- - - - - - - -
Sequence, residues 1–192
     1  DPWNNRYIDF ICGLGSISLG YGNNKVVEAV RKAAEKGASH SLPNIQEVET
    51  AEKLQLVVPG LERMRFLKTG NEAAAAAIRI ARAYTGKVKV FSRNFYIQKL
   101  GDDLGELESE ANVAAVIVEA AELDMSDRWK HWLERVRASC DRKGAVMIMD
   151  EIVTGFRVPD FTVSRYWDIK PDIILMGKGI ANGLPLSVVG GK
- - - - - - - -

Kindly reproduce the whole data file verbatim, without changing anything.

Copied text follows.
Sequence, residues 1–192
     1  DPWNNRYIDF ICGLGSISLG YGNNKVVEAV RKAAEKGASH SLPNIQEVET
    51  AEKLQLVVPG LERMRFLKTG NEAAAAAIRI ARAYTGKVKV FSRNFYIQKL
   101  GDDLGELESE ANVAAVIVEA AELDMSDRWK HWLERVRASC DRKGAVMIMD
   151  EIVTGFRVPD FTVSRYWDIK PDIILMGKGI ANGLPLSVVG GK